“I won't!” Jean cried. “Stop trying to make Chopper into something he isn't, something he can't be! When will you learn? When will you ever learn?”
Just then, a rock flew from the crowd, hitting Chopper on his scarred legs. With a frightened whinny he reared, tossing Midge from the saddle. Jean tried to hang on, but the frantic horse was too much for her, and the next thing she knew the reins were yanked from her hands and she heard the distant sound of hoofbeats fading away down Christopher Street.
A few nights later, Jean walked into the Colony and looked around. On the surface, everything seemed the sameâDorothy, Marcie, the sad-eyed girl at the barâbut somehow, everything had changed. Dorothy and Frankie were sitting with Marcie and a long-haired man folding leaflets. The sad-eyed girl at the bar didn't look so sad, and was in earnest discussion with a sharp-featured girl with black hair. The jukebox wasn't playing “So Long,” but some new song about “Respect.” Only the drunk at the back table, her head lying in a pool of beer, looked like the old days.
The bartender waved Jean over. “Could you give me a hand with that drunk in the back? These people are going to hold a meeting here.”
“Sure,” said Jean. She went to the back table and pulled the drunk into a sitting position, then started back in horror. “Midge!” she exclaimed.
Midge's head flopped forward. “Tilly . . . Jean . . . Chopper . . . nobody understands li'l Midge,” she muttered thickly. “N'body cares âbout my sac'fices . . . did th' best I could . . .” She trailed off and collapsed on the table again.
“You know her?” said the bartender. “There someone we can call?”
“Yes,” choked out Jean. “I'll take care of it.” She used the bar phone to call Tilly. “Midge is here at the Colony,” she explained tersely. “She's too drunk to walk.”
After several more unsuccessful attempts to rouse Midge, a cab pulled up and Tilly leaped out. “Oh Midge,” she mourned. “I was afraid of something like this.” Turning to Jean, she said, “Thank you, Jean, and try to understand. Midge's problem is overidentification with her father, which compelled her to embrace a patriarchal power system, while her own desires placed her squarely in opposition to that very system. She does the best she can.”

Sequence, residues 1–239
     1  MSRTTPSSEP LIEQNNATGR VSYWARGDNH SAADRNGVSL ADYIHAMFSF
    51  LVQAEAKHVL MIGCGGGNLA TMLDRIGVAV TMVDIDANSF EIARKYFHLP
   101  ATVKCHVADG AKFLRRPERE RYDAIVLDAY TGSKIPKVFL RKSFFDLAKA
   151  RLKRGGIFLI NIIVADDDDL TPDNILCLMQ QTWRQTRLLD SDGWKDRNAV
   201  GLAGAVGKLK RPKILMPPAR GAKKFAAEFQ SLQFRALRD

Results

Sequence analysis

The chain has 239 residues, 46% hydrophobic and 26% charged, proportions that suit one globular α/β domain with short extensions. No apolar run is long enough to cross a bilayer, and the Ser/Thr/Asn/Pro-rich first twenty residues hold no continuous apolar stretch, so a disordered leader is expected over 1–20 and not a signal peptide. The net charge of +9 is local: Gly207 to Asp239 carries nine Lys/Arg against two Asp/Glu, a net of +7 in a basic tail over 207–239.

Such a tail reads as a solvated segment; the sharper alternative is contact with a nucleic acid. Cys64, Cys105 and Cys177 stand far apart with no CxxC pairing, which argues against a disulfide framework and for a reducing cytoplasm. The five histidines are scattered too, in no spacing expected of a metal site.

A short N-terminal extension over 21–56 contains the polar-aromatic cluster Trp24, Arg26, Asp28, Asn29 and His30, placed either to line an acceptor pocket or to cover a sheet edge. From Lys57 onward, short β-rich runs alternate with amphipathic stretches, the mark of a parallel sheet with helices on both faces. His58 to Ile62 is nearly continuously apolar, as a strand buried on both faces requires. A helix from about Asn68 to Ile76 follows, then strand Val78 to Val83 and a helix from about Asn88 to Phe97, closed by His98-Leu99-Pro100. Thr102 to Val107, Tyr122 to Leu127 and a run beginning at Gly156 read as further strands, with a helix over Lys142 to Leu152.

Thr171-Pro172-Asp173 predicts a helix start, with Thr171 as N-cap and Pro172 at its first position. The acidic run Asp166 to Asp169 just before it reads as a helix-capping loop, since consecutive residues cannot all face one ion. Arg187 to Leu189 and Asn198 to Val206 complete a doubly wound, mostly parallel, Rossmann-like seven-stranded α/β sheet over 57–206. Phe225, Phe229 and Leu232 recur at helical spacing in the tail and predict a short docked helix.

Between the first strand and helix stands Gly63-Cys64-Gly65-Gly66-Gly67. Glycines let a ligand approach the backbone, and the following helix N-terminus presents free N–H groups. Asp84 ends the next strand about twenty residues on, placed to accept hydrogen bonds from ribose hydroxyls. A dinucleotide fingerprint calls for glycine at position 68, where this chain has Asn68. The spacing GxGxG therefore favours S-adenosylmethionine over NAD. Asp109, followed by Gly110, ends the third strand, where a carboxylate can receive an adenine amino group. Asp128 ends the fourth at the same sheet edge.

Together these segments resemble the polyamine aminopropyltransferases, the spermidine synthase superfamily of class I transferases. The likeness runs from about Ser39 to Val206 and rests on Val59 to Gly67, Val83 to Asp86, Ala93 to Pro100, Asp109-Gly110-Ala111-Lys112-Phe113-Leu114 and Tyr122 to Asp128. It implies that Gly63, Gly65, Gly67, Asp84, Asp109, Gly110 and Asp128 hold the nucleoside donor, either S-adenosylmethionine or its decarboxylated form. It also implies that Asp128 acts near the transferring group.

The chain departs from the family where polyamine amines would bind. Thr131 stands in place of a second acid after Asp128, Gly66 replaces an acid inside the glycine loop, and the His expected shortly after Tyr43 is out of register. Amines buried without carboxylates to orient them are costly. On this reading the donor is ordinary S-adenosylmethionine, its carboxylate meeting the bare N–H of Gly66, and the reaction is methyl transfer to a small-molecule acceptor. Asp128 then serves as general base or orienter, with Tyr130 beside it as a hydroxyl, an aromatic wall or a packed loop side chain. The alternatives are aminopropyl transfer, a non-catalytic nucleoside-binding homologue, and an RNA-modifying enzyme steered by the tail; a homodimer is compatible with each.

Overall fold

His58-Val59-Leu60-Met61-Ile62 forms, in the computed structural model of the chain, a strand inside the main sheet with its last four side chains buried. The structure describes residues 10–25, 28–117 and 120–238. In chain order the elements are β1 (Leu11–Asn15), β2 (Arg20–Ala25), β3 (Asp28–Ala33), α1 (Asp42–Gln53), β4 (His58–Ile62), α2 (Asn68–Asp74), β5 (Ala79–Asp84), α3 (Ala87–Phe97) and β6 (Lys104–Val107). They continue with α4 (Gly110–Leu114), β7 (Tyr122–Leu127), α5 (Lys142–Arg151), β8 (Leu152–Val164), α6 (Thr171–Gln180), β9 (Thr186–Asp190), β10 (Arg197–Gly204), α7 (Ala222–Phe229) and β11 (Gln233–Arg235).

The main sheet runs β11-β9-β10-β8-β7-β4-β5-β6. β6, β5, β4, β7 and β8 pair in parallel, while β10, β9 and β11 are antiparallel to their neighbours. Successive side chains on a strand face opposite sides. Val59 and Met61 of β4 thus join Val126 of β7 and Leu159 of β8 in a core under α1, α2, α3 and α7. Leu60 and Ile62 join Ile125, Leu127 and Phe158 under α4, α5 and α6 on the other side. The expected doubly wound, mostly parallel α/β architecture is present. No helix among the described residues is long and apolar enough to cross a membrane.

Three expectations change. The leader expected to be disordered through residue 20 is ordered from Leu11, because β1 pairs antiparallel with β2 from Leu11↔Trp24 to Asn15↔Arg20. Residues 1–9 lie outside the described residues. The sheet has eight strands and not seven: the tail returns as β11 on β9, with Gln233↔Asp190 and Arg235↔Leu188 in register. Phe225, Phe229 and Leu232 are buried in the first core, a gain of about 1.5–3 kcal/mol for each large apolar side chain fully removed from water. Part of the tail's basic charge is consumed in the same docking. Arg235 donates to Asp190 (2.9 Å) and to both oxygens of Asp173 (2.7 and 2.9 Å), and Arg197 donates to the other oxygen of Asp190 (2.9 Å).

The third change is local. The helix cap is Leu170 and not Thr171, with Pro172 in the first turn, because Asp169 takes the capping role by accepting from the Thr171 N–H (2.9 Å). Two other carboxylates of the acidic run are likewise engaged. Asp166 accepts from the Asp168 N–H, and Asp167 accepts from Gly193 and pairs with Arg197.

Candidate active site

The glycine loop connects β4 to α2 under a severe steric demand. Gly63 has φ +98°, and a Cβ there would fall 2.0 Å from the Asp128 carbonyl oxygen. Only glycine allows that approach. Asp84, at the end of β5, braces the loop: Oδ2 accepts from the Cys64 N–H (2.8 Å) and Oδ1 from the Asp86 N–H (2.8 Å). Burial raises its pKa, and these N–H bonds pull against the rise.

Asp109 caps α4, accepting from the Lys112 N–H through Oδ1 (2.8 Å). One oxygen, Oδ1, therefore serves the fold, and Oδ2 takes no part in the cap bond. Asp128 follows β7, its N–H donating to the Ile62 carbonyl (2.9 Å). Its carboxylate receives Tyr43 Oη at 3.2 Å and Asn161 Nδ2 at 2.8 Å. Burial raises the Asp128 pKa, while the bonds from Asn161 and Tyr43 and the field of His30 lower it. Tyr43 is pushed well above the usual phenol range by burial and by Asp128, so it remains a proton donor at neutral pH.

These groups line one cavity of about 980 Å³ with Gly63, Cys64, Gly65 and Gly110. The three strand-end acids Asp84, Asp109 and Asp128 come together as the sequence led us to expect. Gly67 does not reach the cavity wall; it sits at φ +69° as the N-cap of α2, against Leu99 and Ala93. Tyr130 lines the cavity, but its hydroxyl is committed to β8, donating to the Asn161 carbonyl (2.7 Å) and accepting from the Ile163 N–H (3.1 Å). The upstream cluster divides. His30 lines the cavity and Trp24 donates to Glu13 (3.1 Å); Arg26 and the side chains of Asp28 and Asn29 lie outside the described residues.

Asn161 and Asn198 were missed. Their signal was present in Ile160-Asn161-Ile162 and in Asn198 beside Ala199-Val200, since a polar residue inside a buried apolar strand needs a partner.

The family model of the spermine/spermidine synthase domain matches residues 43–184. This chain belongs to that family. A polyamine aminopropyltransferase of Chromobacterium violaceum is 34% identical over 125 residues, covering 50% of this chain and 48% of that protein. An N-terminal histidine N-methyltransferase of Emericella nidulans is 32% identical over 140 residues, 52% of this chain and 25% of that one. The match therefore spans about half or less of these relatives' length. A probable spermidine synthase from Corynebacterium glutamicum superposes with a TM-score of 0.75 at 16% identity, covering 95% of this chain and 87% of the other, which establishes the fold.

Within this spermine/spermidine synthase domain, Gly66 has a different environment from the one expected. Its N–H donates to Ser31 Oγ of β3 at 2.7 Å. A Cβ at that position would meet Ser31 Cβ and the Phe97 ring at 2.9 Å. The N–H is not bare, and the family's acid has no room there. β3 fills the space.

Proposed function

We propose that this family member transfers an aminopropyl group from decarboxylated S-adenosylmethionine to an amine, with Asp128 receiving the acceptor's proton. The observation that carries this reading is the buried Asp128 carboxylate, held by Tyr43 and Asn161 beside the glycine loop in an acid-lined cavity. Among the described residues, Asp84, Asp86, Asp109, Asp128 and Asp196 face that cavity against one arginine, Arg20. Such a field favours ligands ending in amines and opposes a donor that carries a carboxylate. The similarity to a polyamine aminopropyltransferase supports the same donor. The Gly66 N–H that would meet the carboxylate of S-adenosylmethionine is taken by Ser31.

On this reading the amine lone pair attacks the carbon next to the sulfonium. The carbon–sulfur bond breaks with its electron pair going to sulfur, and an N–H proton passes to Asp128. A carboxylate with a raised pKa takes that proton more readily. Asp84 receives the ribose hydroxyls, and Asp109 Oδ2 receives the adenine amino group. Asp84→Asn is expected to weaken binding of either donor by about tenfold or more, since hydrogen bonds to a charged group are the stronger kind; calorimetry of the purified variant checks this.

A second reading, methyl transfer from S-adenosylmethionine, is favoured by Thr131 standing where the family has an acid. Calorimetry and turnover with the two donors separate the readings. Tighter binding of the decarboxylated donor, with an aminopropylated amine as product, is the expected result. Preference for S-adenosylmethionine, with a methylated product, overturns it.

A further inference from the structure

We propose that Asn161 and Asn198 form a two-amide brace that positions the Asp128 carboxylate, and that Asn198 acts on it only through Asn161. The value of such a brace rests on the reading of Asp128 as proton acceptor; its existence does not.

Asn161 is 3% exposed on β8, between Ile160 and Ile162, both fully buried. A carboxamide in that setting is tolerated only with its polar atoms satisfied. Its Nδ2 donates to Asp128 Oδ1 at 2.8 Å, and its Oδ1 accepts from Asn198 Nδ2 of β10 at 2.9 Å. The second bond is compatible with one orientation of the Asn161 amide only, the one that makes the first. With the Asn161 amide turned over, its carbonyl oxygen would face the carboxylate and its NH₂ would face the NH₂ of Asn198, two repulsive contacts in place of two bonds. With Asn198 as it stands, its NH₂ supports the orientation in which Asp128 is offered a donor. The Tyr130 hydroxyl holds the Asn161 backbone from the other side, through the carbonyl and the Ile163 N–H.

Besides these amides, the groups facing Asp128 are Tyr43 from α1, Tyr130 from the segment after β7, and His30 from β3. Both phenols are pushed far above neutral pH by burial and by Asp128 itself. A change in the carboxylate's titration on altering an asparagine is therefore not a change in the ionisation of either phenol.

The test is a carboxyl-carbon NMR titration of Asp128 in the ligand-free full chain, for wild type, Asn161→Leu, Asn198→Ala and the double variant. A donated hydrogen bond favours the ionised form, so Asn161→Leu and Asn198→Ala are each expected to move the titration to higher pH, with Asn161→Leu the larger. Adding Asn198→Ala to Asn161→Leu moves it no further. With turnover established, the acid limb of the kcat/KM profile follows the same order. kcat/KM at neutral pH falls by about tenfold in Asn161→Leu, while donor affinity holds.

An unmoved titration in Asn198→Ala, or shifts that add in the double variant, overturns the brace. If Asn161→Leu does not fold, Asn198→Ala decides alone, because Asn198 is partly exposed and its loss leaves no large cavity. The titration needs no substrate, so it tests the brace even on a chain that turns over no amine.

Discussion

Jean nodded slowly. “I guess I do understand, a little bit. And maybe I could forgive her, if it wasn't for Chopper.”
“Chopper!” Midge echoed drunkenly, tears streaming down her freckled face. “Best horse I ever had, 'cept for Lucky. Lucky dead, Chopper dead, all dead . . .”
Jean's blood froze. Chopper wasâdead?
Tilly spoke, in answer to Jean's unspoken question. “We don't know what happened to Chopper. Midge hasn't seen him since that night.”
Jean collapsed into a chair, her face in her hands. When she looked up again, there was a large frame blocking the doorway. Could it be? Jean wiped the tears from her eyes and looked again. A familiar whinny told her that she wasn't seeing things. Chopper! “Midge!” she cried, hugging the drunken woman. “Look who's here!”
“Hey, Jean, I've been looking for you!” Louise said with her wide smile as she squeezed past Chopper. “I thought maybe you'd have an idea of what I could do with this horse I found. Do you know him? I was keeping him at my friend Andy's place, the Factory, but they're getting into psychedelics right now, and it didn't seem like the best environment for a horse. What do you think? Should I take him to my parents' place in the Hamptons? They run a dressage school.”
“Chopper!” Jean flung her arms around the horse. “I think Chopper would love the Hamptons!”
“Poor li'l Midge never got t'go t'th' Hamptons,” Midge muttered.
The long-haired man approached the group by the door. “We're having a meeting here in a little while,” he said, distributing fliers. “Maybe some of you would be interested in coming.” Jean looked at the flier, which announced at the top “The Gay Liberation Front.” Liberationâthat had a sweet sound.
“I'm certainly interested,” Tilly declared, folding the flier up and putting it in her pocketbook. “After Midge has had a little coffee, we'll both be back! It's time some changes were made.”
“Sounds fabulous,” Louise agreed. “Can Chopper stay?”
“Liberation is for everyone,” the man answered earnestly.